At the age of four months Sam had his first major allergic reaction. I had been breastfeeding him up until that point, but decided to give him some formula as he didn’t seem to be getting enough breast milk. He had an anaphylactic reaction to the formula which included vomiting, swelling of the face, noisy breathing and was rushed to the accident and emergency unit. Following this we avoided milk and milk products. We were given no additional support from the allergy department in the local hospital in terms of how to manage this life threatening food allergy – not even an Adrenaline Auto-Injector!
It was not until Sam was admitted to GOSH with the eczema that they then referred him to an allergist. He was seen at St. Thomas’s paediatric allergy department at the age of one. Following this appointment we discovered he was allergic to milk, egg, nuts and a variety of fruits and some vegetables. We left the appointment with emergency medication which we have been carrying around with us ever since.
Sam also has asthma, and between the ages of one and four was admitted several times to hospital via the emergency department.
At the age of five years, Sam started having trouble with his eyes. They became very red, itchy and swollen. He started to complain that he couldn’t see and as the condition worsened it would take him 30-45mins to be able to open his eyes in the mornings. He would often be late for school and at times would not be able to attend school as his eyes would not open. I was given the message by the GP that this was hay fever. I even remember serving his dinner up to him and him sitting at the table in great distress as he was unable to open his eyes and he ate the whole meal with his eyes shut. I recall getting an emergency GP appointment that very evening only to be given some eye drops for hay fever.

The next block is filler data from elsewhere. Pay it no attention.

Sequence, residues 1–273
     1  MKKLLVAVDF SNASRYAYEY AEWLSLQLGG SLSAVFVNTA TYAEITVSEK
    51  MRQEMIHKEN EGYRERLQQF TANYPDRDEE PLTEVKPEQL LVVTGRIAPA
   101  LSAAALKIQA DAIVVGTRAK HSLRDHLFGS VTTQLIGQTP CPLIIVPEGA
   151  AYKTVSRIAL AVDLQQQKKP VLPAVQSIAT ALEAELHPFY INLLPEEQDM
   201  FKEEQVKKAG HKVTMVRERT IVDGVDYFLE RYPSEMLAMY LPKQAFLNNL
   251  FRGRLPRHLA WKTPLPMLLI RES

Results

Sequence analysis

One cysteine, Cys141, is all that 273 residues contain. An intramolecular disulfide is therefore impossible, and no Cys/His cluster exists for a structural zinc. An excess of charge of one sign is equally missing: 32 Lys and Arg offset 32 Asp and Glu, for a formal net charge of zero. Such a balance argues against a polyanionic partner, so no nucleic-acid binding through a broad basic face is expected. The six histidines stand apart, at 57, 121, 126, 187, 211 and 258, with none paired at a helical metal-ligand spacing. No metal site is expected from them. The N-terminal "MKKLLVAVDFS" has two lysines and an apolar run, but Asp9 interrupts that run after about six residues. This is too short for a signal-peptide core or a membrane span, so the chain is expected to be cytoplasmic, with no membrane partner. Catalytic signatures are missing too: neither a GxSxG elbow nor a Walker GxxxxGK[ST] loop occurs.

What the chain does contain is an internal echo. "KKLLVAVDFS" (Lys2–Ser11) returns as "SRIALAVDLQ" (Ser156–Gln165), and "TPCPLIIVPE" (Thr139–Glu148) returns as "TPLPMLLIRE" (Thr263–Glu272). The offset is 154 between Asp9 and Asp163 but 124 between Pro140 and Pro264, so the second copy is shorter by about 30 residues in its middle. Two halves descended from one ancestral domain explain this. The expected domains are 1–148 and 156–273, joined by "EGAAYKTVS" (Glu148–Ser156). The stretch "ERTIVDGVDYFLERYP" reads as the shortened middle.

I also noticed him participating in activities with his eyes partially closed – activities like riding his bike and running in the school sports day. I knew that there was something more serious going on with his eyes and as he had a dermatology appointment coming up I thought I would ask their opinion. They clearly recognised there was a problem and advised us to take him to the emergency eye unit. It was there that he was diagnosed with Vernal Keratoconjunctivitis (a type of allergic eye disease) and as it had been left undiagnosed and no appropriate treatment given he had developed bilateral corneal ulcers. We continue to treat this condition under the expert guidance of Moorfields Eye Hospital. He remains on two to three different eye drops twice daily.
Sam’s allergic conditions have had a massive effect on our entire family for the past nine years. It affects where we eat out, where we go on holiday, the type of holiday we have (we always have to cook our own food), childcare (we can only leave Sam with trusted family members who have been taught how to administer his treatments).
It has also had a negative effect on our daughter whom we have been unable to spend as much time with over the years so she has missed out on our support throughout her development.
Trips to the hospitals in London are also extremely time consuming and expensive. Our journey to Moorfields eye hospital as an example takes one and a half hours each way and involves a whole day off school for Sam. During ‘flare ups’, which are worse in the grass pollen season, we have had to attend Moorfields weekly at times. Our evenings also consist of applying treatments (eczema creams, eye drops, nasal spray, preventative asthma inhaler, house dust mite immunotherapy and grass pollen immunotherapy) so we do not have much time to relax.